—Don Taylor, President, Internet Business Division, Virginia

“Packed full of ideas…a great deal of useful information here.”

—Joel Jones, Library Journal

“Distinguishes the high-cost hype from hard-hitting, cost-efficient
techniques…illustrates what can be done when ingenuity and
imagination, smart research, and savvy follow-through are recognized
as the real riches of sound marketing.”

—Business Life

“Cuts through the glitz to the most effective, economical methods.”

Oregon Business

“I read straight through Marketing Without Megabucks: How To Sell
Anything on a Shoestring and thoroughly enjoyed it (I almost missed
supper this evening).”

Kathleen Ryan, Publisher, The Frugal Bugle (private letter)

Marketing Without Megabucks “Has proved to be a tremendous
boon to our publishing business. The target marketing advice, media
placement recommendations, and general message of hope has
meant courage and sales. Bravo, Mr. Horowitz.”

Amy Zuckerman, Co-Principal, IN/EX Information Export,
Massachusetts

“A one-stop marketing shop. I can’t think of a topic that is not
comprehensively covered, from classified ads all the way to huge
campaigns.”

—Brandi Jasmine, freelance business reviewer and Web
publisher

* * *
It’s a jungle out there! We’re bombarded by marketing messages
everywhere we look, listen, smell, taste, or touch.
If you have to compete for people’s attention, you’re up against the
biggest and most powerful companies in America. They want your
prospects—and they have virtually unlimited resources.
You, on the other hand, run a small business or non-profit organization.
You probably wear many hats and have constant and diverse
responsibilities. And your promotional budget might be almost non-
existent. How can you get people to listen to you?

Even if you had $100,000 a year to work with, your message could
easily get buried under the marketing avalanche. And what if you don’t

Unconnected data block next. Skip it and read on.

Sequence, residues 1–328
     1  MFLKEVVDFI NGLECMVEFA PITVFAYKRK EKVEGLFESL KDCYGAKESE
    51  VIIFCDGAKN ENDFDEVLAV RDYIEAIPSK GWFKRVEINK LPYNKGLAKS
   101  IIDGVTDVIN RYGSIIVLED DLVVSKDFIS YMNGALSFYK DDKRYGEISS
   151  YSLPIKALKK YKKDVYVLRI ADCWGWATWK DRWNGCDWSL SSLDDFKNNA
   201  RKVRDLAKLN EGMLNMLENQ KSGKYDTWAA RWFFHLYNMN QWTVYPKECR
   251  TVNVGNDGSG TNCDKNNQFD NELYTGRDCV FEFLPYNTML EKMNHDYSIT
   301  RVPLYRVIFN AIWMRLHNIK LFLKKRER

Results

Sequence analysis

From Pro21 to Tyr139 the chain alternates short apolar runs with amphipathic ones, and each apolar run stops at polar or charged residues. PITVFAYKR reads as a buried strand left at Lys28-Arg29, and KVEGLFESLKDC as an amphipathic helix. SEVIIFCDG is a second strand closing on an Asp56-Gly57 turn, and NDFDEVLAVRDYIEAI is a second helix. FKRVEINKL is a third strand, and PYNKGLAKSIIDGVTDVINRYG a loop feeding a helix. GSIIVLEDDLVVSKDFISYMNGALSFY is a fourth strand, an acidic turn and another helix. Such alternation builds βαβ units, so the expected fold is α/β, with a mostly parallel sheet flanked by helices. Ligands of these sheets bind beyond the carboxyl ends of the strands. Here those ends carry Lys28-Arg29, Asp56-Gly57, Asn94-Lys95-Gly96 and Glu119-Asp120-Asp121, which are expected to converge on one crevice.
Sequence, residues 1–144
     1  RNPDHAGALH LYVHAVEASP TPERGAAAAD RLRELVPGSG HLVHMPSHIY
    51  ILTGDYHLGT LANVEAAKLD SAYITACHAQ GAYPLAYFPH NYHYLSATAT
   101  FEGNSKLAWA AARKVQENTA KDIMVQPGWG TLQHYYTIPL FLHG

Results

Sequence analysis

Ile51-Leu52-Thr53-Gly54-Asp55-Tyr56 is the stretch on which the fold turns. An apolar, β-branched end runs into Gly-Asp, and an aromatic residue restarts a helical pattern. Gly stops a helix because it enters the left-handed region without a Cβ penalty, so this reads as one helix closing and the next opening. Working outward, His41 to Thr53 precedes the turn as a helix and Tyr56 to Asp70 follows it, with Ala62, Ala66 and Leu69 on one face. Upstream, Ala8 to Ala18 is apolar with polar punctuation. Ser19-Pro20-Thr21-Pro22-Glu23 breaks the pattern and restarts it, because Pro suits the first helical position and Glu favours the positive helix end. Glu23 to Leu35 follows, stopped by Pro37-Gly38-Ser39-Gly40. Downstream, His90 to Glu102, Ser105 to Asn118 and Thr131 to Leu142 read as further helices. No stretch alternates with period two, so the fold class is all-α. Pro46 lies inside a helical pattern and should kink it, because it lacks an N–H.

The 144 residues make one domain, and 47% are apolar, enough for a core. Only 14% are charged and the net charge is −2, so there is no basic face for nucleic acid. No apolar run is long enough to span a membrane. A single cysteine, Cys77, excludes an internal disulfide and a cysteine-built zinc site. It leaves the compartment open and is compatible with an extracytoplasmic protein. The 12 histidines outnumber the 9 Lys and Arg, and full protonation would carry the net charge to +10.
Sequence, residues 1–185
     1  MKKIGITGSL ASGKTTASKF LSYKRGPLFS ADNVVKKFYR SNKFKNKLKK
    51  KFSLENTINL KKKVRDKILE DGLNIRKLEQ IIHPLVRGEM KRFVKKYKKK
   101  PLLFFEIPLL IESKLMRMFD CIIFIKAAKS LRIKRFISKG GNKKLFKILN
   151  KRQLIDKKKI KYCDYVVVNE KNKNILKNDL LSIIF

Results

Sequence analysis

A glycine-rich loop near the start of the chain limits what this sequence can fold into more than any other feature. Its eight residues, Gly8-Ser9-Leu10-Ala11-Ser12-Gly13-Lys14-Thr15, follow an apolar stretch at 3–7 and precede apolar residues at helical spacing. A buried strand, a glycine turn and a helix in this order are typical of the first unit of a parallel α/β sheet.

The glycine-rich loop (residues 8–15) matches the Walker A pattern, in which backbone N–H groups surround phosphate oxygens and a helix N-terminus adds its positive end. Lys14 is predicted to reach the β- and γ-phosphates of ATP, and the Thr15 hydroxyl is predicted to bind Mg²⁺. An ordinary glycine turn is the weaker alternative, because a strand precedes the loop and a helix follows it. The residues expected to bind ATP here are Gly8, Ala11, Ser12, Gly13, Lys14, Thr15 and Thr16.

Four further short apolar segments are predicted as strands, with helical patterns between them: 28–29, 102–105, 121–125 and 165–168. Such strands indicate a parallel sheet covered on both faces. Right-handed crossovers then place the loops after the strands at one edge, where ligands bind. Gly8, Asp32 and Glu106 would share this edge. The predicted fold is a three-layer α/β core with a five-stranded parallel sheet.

have $100,000 per year? What if you only have $50? Believe it or not,
even $50 per year—96 cents a week—is enough to institute a thorough
and comprehensive marketing campaign.

Of course, if you have more to spend on marketing, you’ll be more
successful—if you do it right. But this book will tell you how to get results,
even with an investment of 96 cents a week.

Why will you be successful? Because most people are doing such a
bad job of marketing that the results they achieve are in spite of their
efforts, and not because of them.

But you will learn how to do it right. You’ll learn how to develop
successful low-cost, client-centered marketing strategies that make
your customers feel you’re doing them a great favor by meeting their
needs, rather than just feeding your own bottom line.
You’ll learn a wide range of strategies and specific tools, with actual
real-life examples, applicable for small or large marketing budgets.
Specifically, you will learn how to:

  • Turn your local newspaper into your own free publicity bureau
  • Create and distribute a wide range of effective do-it-yourself
    promotional materials, including direct mail, fliers, brochures, and much
    more
  • Evaluate media buys, public relations, and ad agency suggestions,
    and advertising specialties for appropriateness and cost-effectiveness
  • Enhance all your marketing by developing and maintaining a
    consistent and appropriate image
  • Track the results of your marketing campaign so you know which
    tools are working most successfully for you

You’ll have everything you need for success in finding prospects and
turning them into customers! It’s all in a book called Marketing Without
Megabucks: How to Sell Anything on a Shoestring. 384 pages jam-
packed with solid advice for low-cost marketing success.
Traditional business thinking focuses on increasing efficiency and
reducing costs. Standard nonprofit thinking stems from the idea of
community service. And artistic thinking is based on creativity. Marketing
Without Megabucks will show you how to combine the best of business,
nonprofit, and artistic thinking.

Just to name four examples among the hundreds of proven
strategies and techniques you’ll learn:

  1. 10 points to successful, selling copywriting
  2. When to call a reporter or editor—and when never to call
  3. Why most telemarketing is harmful—and how yours can really work
  4. How to turn the media into your press agency with free coverage—
    even of for-profit events

You’d expect to pay a lot for such a book. In fact, the most serious
competitor (in breadth and depth of coverage) costs more than $40.
But Marketing Without Megabucks carries the remarkable price of only
$8.00, + shipping to the U.S. or Canada!

This is a book that every business owner, every publicity manager,
and every nonprofit agency executive will want to own. You’ll certainly
want to read it before your competitors do!

Now, please read two small excerpts from Marketing Without
Megabucks: How to Sell Anything on a Shoestring.